Ray LaMontagne live in Central Park: or, the night I swooned over harmonicas
- Sep 28, 2011
In many ways, Ray LaMontagne is an archetype. Lumberjack New Englander brooding-type: beards, flannels, living on a farm, both stoic and quiet. Ray LaMontagne is the sort of dude that you just look at and know there's some shit that's happened in his life that he's not going to talk about.
But he goes beyond that - etching the experiences into the very grain of every song he writes. To be frank, dude writes some serious, gut-wrenchingly beautiful and emotive music. Like, ugly-cry-on-the-bathroom-floor business. He's a man's man that is going to build a log cabin without a single complaint about the hard work and then write an album about why you're his lifeblood and reason for existing. So it should come as a surprise to no one that his show at Central Park's Rumsey Playfield, we saw both sides of the fellow.
Ray LaMontagne is probably exhausted. He's been touring his band's latest effort ('God Willin' & the Creek Don't Rise') for the entire summer. No doubt he's ready to go hang out on the farm with his wife and kids, and just kick it straight luddite-style - and in the beginning of the show, the road rash was obvious. After the crafty, upbeat fiddle work from kicked-up bluegrass openers the Punch Brothers, most musicians would seem downright plodding. Mandolins & fiddles crashed over the now-iconic chords of The Strokes' ‘Reptilia’ (a semi-old-is-new-again cover of the highest order), and many other songs in their hour-long set, keeping things upbeat and light as the sun went down. It’s a good thing that Chris Thiles' mandolin work was not lost post-Nickel Creek. If anything, the Punch Brothers have improved upon it.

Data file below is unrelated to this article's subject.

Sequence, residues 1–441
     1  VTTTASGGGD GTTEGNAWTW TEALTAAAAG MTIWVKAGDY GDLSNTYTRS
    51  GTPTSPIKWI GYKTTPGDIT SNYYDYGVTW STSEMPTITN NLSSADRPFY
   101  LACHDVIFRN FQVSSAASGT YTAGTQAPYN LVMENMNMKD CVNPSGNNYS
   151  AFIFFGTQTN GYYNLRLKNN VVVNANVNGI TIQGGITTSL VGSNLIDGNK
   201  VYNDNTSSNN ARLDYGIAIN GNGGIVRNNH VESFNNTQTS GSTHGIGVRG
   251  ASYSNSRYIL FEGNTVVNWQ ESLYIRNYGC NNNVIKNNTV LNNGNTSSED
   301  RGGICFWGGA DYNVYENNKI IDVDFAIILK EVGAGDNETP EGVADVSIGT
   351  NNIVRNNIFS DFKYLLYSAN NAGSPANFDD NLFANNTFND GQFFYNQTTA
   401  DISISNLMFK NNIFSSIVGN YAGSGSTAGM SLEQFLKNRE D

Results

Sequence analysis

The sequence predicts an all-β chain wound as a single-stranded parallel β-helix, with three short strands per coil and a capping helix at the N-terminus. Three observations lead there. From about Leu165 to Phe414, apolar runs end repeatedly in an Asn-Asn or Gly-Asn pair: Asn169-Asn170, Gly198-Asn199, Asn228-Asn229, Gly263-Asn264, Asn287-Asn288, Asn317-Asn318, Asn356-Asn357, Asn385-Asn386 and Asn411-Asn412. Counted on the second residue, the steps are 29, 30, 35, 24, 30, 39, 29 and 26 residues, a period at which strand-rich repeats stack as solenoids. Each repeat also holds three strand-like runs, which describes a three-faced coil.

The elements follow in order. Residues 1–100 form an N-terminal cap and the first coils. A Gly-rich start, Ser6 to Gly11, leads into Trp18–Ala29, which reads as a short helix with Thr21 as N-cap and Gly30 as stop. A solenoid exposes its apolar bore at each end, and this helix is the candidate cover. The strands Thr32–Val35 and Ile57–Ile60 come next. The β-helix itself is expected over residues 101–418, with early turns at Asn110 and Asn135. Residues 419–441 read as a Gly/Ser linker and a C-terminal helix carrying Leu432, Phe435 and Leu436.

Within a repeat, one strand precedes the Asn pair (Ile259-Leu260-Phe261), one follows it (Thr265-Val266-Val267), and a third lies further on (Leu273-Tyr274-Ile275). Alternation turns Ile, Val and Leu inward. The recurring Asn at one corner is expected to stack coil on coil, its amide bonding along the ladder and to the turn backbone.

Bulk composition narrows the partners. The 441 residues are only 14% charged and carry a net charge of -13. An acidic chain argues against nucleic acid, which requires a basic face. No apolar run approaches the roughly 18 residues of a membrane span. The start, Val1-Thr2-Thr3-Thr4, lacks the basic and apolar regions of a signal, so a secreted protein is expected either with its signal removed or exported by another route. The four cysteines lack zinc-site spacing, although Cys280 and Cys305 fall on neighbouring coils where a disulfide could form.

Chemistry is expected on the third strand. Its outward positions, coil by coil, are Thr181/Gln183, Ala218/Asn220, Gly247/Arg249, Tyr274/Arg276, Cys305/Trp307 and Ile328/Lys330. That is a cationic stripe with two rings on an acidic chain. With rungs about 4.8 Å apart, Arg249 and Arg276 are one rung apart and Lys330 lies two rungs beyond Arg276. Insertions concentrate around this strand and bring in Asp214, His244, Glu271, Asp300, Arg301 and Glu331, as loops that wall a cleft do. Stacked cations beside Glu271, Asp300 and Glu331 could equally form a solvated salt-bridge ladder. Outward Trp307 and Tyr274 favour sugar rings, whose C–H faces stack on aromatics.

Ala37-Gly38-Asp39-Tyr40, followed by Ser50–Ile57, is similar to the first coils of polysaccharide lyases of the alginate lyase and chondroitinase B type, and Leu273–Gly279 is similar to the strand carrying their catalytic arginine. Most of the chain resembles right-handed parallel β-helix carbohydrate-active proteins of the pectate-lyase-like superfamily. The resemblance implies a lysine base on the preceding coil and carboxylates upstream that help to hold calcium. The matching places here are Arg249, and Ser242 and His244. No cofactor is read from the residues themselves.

In a quite unceremonious fashion (save for LaMontagne's jaunty hat), Ray walked on stage and began a slow, somewhat restless set. Opening with 'Burn' the hopes were high; you could feel the visceral reaction from the crowd as the song roared from within. However it was slow moving. The show picked up as Punch Brothers' Chris & Gabe returned for Merle Haggard's 'Mama Tried' - one of the few times LaMontagne spoke up during the night, to the surprise of no one, was to discuss his love of the Haggard record - and The Byrds' 'Blue Canadian Rockies' which also featured guitar work by Greg Leisz.
From there, the show took off with a delicate 'Are We Really Through?' As he coursed through, the words seemed too heavy for his throat - and barely muttered - for fear that the pain’s weight kill him in that moment. It was a soft moment among many, but one with particular poignancy as the final lines hung in the air. Additional highlights included 'New York City is Killing Me,' 'Joelene', and the never-thought-I'd-swoon-over-a-harmonica wonderment of 'Henry Nearly Killed Me'. (Ray should probably know that his harmonica playing & growling nearly caused me to have a ... reaction.) A show highlight, for sure. Encore finished with a solo take on 'Like Rock & Roll and Radio'.
Unfortunately, several audience members forgot that Ray LaMontagne was a singer-songwriter with some real deep-shit sorta feelings in his music. When he sang, nearly in tears at the thought of love and loss, the smattering of howls really took you out of that moment. Listen folks, when a musician is not only performing but happening to you, let the moment live - allow yourself and your fellow attendees to live and get lost in that moment with the musician. Some of us like to be carried off to the land of make-believe that Mr. LaMontagne's music takes us. So let us have that - don't spoil it because you're too much of a wiener to allow yourself a little emotional vulnerability.
Overall, the show felt like a match to the reluctant-to-arrive autumnal season: a bit antsy, restless, but once it got into the groove, a comforting sigh of relief and beauty. Ray LaMontagne's voice is a cup of hot cocoa in front of a roaring, crackling fireplace after a drive on the backroads of rural Vermont in the fall with a person you are in serious, big-time like with. It is like crunching leaves beneath your feet, wearing your favorite scarf and eating just-made S'Mores. Pretty much ideal.